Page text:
Catherine Renouf is a PhD student in the Department of Chemistry at The University of St Andrews, and studies the separation of olefin mixtures using metal–organic frameworks using adsorption-based and structural techniques — she is also one of the winners of our In Your Element writing competition, with her essay on indium.
1. What made you want to be a chemist?
At school I was always good at science, and I found all of science interesting and rewarding. However, I found chemistry both more challenging and more fascinating than the other sciences, probably due to one particular chemistry teacher. He was the only teacher in my school with a PhD, and he was fantastic at communicating his excitement for the subject. He made us do a lot of experiments during chemistry classes, and that really held my interest.
2. If you weren’t a chemist and could do any other job, what would it be – and why?
I love baking, which is really just chemistry in a different disguise, so maybe I would have been a professional baker. However, I am very passionate about communication, and particularly about the communication of science, so I would also have been very happy as a writer.
3. What are you working on now, and where do you hope it will lead?
I’m nearing the end of my PhD now, so I’m mainly working on my thesis! A large part of my research was developing an environmental gas cell to use in single crystal X-ray crystallography at the ALS in Berkeley. Over the past three years it has improved to a stage where we can see gases inside our MOFs which has been a significant and exciting development. Hopefully, with more time and development, the gas cell will become a standard piece of equipment available on end stations at synchrotrons throughout the world.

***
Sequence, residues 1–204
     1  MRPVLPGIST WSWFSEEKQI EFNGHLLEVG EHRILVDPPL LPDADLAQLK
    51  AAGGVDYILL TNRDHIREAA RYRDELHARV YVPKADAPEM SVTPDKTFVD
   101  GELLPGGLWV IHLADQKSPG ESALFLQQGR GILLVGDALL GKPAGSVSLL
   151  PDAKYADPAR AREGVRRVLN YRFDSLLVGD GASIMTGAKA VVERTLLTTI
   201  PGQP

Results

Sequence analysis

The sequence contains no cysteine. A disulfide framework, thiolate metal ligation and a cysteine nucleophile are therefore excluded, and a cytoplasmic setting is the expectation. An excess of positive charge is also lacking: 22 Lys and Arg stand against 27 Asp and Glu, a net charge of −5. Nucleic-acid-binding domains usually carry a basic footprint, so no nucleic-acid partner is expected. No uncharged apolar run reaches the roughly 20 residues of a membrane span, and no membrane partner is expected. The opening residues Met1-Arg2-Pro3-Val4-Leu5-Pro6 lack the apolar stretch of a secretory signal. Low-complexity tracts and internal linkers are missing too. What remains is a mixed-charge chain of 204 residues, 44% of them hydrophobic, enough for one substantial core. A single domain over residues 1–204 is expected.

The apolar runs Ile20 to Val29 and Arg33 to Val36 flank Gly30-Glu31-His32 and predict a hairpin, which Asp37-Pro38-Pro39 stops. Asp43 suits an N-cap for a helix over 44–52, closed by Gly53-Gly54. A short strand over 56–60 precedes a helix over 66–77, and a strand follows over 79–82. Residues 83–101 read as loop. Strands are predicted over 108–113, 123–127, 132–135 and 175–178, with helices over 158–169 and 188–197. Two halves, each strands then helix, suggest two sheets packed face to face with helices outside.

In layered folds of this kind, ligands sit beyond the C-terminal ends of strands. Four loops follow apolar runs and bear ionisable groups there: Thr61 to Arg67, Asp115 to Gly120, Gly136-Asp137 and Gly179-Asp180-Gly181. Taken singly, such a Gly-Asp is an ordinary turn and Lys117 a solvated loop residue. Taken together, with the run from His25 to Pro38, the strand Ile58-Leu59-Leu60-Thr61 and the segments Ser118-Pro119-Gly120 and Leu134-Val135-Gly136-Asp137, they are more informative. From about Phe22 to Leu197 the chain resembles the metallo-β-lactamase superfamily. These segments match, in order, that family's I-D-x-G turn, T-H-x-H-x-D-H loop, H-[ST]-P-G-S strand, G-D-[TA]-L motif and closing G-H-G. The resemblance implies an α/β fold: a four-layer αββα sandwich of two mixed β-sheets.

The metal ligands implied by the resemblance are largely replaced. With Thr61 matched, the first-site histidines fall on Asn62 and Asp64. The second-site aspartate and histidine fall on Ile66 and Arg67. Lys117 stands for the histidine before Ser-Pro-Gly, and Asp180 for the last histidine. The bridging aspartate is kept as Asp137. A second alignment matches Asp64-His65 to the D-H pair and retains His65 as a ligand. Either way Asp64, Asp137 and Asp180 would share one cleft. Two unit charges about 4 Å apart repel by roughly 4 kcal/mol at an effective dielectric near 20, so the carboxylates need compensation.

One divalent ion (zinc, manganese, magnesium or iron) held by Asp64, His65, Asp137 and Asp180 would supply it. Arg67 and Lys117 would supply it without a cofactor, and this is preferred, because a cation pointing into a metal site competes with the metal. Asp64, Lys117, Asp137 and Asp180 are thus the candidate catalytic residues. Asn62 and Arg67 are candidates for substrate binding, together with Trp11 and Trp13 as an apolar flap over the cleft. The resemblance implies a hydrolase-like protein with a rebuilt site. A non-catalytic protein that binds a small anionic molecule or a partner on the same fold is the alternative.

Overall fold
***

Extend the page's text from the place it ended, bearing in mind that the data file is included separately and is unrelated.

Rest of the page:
4. Which historical figure would you most like to have dinner with – and why?
I think it would have to be W. L. Bragg, the youngest Nobel laureate and one of the discoverers of Bragg’s law. He was the director of the laboratories where Watson and Crick discovered the structure of DNA using X-ray diffraction, so he certainly knew how important his discovery had been, and hearing about the early years of his field (and hearing his views about recent developments, such as quasicrystals) would be fascinating.
5. When was the last time you did an experiment in the lab – and what was it?
A couple of weeks ago I recorded an adsorption and desorption isotherm of propylene on a metal-organic framework using home-built gravimetric adsorption apparatus. It was nothing particularly exciting by that point – just a repeated measurement for inclusion in my thesis appendices.
6. If exiled on a desert island, what one book and one music album would you take with you?
I would take Ben Goldacre’s newest book, Bad Pharma. I love reading popular science books, but I haven’t had the time while finishing up my PhD. Music-wise, I would take something relaxing and inspiring, possibly some Elgar.
7. Which chemist would you like to see interviewed on Reactions – and why?
Someone who does something a little different with their chemistry – perhaps a beamline scientist at a national facility, a teaching fellow at a university or a writer for a science magazine.